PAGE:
County Fair Tomato Cooperative: Developing an Organic Tomato Processing Cooperative

1998 Annual Report for LNC98-127

Project Type: Research and Education
Funds awarded in 1998: $67,800.00
Projected End Date: 12/31/2002
Matching Non-Federal Funds: $40,500.00
Region: North Central
State: Kansas
Project Coordinator:
Dan Nagengast
Kansas Rural Center, Inc

County Fair Tomato Cooperative: Developing an Organic Tomato Processing Cooperative


Objectives and results of this project in year one include:

1) Develop and test a variety of processed tomato products.

Using Kansas State University (KSU) Food Processing expertise, we have canned golden and red tomatoes in quart jars. We have developed golden and red salsas using other local farm products. We are developing a tomato sauce which uses other local farm products. The salsas and sauces enter a more crowded market but have a higher value.

2) Develop low-cost equipment for limited processing runs in a certified kitchen.

We have designed and built four hot bath canners using recycled materials. They are used for hot bath processing as opposed to hot pack. Hot bath is a very time consuming process. We are tending towards more hot pack products because of this. Tomato peeling is very labor intensive. We will be working on this as the project progresses.

3) Develop label and nutritional analysis.

We have met with KSU food science and determined that our production quantities are too low to trigger the need for nutritional analysis. Thus, having it on the label becomes a marketing issue. At this time, our label graphics are being developed and will follow guidelines supplied by Extension.

4) Develop productions standards for farms.

We have had some grower turnover. We undertook variety trials in the summer of 1999. All tomatoes are trellised. We have resolved some issues around proper culling, cleaning and packing. We still do not have enough production to effectively judge actual costs at full-scale production.

5) Develop a marketing cooperative.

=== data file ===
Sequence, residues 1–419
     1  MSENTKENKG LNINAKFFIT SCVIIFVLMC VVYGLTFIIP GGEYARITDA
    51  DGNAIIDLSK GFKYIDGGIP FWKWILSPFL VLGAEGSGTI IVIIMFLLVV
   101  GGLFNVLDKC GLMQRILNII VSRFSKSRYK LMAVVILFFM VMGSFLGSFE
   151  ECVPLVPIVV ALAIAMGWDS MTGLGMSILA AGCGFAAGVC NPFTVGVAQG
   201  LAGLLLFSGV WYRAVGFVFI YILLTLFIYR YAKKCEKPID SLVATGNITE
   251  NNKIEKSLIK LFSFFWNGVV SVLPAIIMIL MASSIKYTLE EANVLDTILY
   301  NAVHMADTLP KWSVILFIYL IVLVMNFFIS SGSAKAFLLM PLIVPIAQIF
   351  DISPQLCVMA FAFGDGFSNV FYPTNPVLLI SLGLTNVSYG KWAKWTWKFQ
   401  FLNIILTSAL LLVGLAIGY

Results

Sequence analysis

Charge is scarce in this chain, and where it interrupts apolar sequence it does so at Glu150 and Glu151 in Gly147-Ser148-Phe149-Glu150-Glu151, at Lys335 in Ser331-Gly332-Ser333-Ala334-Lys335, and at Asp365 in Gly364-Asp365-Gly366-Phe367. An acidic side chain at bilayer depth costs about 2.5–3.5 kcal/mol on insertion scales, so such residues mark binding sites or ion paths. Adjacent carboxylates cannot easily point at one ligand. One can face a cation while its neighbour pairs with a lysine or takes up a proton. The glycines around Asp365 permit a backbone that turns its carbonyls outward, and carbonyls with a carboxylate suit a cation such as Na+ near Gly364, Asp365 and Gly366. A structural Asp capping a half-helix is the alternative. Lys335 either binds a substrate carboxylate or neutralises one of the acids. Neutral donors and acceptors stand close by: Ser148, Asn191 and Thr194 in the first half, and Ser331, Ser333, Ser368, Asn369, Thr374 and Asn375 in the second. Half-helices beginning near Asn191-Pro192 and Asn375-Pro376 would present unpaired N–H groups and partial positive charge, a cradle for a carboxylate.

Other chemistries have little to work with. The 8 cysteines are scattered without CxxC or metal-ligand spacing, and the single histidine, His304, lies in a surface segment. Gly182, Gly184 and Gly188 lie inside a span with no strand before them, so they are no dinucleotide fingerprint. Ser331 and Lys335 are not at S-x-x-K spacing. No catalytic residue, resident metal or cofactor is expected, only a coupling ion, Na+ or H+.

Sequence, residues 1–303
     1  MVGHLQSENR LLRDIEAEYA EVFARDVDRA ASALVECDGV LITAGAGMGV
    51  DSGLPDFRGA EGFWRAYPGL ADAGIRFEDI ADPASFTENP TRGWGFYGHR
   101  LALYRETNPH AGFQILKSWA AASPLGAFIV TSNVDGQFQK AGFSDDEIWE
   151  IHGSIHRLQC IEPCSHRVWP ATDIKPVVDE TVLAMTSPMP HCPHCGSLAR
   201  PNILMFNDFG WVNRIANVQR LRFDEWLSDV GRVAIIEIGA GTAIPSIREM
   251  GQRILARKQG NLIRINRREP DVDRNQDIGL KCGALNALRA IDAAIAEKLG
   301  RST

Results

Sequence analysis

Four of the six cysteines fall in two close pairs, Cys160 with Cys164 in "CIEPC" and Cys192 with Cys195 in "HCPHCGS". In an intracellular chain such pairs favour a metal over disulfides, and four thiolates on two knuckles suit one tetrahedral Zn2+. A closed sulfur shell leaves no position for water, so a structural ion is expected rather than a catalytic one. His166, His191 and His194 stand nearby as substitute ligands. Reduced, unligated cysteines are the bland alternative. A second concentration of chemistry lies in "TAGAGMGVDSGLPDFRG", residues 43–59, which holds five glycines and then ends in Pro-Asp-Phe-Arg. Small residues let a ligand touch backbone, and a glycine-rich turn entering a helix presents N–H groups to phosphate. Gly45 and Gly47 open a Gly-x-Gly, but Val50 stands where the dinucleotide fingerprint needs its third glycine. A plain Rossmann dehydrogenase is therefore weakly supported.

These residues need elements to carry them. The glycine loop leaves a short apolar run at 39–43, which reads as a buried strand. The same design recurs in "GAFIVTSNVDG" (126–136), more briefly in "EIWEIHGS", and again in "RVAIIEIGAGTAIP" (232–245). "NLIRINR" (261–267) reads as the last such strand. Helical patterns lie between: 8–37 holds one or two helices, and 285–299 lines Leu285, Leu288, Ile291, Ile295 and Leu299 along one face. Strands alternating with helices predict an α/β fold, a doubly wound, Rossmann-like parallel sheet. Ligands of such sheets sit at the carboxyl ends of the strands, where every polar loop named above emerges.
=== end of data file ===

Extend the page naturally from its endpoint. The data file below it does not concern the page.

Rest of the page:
We have completed the Articles of Incorporation and By-Laws and will submit them to the Secretary of State after a growers’ meeting.

6) Exploration of at least three marketing channels.

Products were sold through community-supported agriculture, to a restaurant for resale, to regular customers of some of the farmers and to a gift shop specializing in Kansas products. We have not had enough production to explore direct mail or wholesaling through the whole foods network.

7) Increasing farm family income.

Increases in family income have been slight, due to insufficient production. However, summer 1999 production, the grant’s first year, has not yet been distributed and sold. Production did increase over 1998 quantities. Farmers have three possibilities of increasing income: through selling tomatoes to the cooperative, by working as hourly labor during canning, or by taking compensation in processed tomatoes and reselling at retail prices.


Richard Smith
Treehouse Berry Farm Processing Kitchen
11830 222 St.
Linwood, KS 66052-9721
Office Phone: 9137233326
Will Spotts
Production Supervisor
Kansas Rural Center
PO Box 133
Whiting, KS 66552
Office Phone: 7858410671
Fadi Aramouni
Extension Specialist - Food Systems
Kansas State University-Food Processing
Call Hall
Manhattan, KS 66506
Office Phone: 7855321668